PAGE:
The uncontacted tribes of the Amazon basin are a reality that many regional governments would prefer not to be true. The existence of these highly susceptible indigenous groups – found in the most remote reaches of Brazil, Peru, Colombia, Ecuador, Bolivia, and Venezuela – prevents the miners, loggers, and oil from removing the valuable resources that are becoming increasingly easier to extract. While they are protected under international law, the enforcement of those laws is loose at best, shifting with every change in government. Some governments go as far to say that because they are unseen, that the tribes are fictional creations by environmentalists that want to hamper the development of rainforests. Proving that the tribes, who voluntarily choose to be in isolation, do exist without threatening them even more so than they already are is a complicated tasks, as the book The Unconquered: In Search of the Amazon’s Last Uncontacted Tribes by Scott Wallace attests.
In the highly recommended book, Wallace describes a 2002 expedition into Brazil’s remote Vale Do Javari (Javari River Valley) with the renowned Brazilian ethnographer and social activist Sydney Possuelo, which was at the time the subject of a National Geographic article. The goal of the expedition was to provide evidence of the flechiros, or Arrow People, an uncontacted tribe living in the region, with as little contact as possible. Possuelo wanted to show that the tribe was thriving despite not being connected to modern civilization. The 76-day expedition begins from the Tres Fronteras region of Brazil, Peru, and Colombia with a small army of men, many of them Matis and Morubo tribesmen, and moves by river into the reserve. Once inside the boats are left behind and a long trek on foot crosses the virgin jungle while surviving on the meat of monkeys and boars. The evidence of the flechiros becomes apparent rather quickly and they group mistakenly stumbles onto a small settlement and brief encounter with the tribe.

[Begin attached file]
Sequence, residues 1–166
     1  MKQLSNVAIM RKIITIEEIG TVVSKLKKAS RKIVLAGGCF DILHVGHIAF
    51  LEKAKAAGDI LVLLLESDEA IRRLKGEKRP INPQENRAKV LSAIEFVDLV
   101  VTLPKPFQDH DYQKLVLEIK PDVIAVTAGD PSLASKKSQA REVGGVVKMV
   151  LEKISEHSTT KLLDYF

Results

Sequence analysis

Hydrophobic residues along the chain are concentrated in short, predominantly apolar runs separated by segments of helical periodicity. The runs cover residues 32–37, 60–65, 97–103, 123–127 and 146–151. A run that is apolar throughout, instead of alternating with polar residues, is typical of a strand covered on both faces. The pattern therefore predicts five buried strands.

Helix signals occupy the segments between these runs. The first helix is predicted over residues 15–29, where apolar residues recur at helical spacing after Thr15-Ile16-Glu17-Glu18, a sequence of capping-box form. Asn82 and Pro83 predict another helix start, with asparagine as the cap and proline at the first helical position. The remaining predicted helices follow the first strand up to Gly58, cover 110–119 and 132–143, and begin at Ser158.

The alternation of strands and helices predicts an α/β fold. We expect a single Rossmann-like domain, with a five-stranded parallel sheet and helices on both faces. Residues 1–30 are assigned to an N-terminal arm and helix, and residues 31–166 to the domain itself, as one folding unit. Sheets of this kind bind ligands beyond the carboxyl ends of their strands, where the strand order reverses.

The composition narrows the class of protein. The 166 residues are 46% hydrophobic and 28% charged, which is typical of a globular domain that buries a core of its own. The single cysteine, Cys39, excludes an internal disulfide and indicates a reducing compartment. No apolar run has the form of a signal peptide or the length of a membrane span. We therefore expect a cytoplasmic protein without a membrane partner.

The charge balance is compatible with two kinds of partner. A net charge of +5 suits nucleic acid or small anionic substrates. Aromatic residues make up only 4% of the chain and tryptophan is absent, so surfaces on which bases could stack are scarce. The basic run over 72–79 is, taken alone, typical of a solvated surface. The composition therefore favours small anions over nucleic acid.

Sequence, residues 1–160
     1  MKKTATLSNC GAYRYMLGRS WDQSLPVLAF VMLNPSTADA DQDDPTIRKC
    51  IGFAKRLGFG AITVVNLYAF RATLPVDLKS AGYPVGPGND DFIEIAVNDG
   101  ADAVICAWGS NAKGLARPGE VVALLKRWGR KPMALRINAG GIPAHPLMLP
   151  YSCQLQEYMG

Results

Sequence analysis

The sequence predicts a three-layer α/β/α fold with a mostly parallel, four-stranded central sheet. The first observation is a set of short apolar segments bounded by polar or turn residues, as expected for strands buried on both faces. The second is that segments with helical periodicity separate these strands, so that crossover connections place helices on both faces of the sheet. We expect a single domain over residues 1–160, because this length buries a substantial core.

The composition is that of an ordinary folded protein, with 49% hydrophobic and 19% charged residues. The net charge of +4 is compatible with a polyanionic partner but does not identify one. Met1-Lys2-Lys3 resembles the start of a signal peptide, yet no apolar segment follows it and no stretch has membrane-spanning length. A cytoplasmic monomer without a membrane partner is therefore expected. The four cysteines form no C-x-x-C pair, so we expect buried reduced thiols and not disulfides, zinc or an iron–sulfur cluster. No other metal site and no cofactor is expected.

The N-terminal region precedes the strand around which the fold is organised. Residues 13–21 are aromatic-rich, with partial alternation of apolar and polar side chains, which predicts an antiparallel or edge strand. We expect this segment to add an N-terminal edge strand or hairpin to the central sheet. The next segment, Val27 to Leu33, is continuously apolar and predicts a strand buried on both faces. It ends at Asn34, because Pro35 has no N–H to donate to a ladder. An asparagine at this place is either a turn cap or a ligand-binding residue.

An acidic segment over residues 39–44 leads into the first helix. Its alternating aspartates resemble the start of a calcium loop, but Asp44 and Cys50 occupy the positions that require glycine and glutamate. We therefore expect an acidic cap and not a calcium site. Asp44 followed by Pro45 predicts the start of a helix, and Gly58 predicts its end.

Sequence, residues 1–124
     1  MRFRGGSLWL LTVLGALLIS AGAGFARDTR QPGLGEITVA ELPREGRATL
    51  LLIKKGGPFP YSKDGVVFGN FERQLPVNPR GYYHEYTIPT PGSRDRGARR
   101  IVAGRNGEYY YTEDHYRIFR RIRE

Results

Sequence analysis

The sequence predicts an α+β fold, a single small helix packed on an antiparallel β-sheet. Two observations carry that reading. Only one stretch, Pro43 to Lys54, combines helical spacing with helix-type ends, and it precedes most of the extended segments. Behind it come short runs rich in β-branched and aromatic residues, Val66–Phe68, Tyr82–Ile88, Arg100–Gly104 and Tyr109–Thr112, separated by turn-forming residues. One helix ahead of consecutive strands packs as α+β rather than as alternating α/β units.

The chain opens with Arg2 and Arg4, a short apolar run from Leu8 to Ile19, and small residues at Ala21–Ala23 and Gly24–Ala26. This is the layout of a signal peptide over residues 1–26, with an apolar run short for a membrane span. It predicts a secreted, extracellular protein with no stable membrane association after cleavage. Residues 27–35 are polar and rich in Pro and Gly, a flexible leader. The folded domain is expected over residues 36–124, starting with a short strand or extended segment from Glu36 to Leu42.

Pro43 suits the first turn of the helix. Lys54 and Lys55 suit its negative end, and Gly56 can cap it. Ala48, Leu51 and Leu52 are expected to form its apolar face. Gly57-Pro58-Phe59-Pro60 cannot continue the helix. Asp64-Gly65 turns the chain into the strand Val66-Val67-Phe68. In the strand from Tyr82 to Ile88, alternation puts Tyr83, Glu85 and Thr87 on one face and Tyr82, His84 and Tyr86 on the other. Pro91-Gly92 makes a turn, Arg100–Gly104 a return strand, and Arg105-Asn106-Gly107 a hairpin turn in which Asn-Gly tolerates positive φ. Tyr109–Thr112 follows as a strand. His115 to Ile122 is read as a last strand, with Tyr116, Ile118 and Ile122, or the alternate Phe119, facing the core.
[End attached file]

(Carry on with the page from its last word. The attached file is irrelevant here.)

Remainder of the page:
There are few places in the world as remote and untouched as the Vale do Javari, or anywhere that uncontacted tribes can be found. Yet these places are still getting smaller. The Javari Valley was long encroached by loggers, who flushed many uncontacted Indians out of the region with guns and violence, until the Brazilian government stepped in and set aside the 85,000 square kilometer reserve to protect the estimated 2,000 uncontacted Indians from roughly 14 different tribes. While increased logging, mining, and oil exploration in many other parts of the Amazon (read my article from Penthouse in 2011) are sending some of the other few uncontacted tribes scrambling to find new territories, the Javari Valley is one of the few places where these tribes are protected. In other words, this book is the only way you’re getting in. Read it.
Buy The Unconquered: In Search of the Amazon’s Last Uncontacted Tribes by Scott Wallace from Amazon.com.
Writer and photographer Nicholas Gill is the editor/publisher of New World Review. He lives in Lima, Peru and Brooklyn, New York. His work has appeared in publications such as the New York Times, Los Angeles Times, CondeNast Traveler, National Geographic Traveler, Afar, and Penthouse. Visit his personal website (nicholas-gill.com) for more information.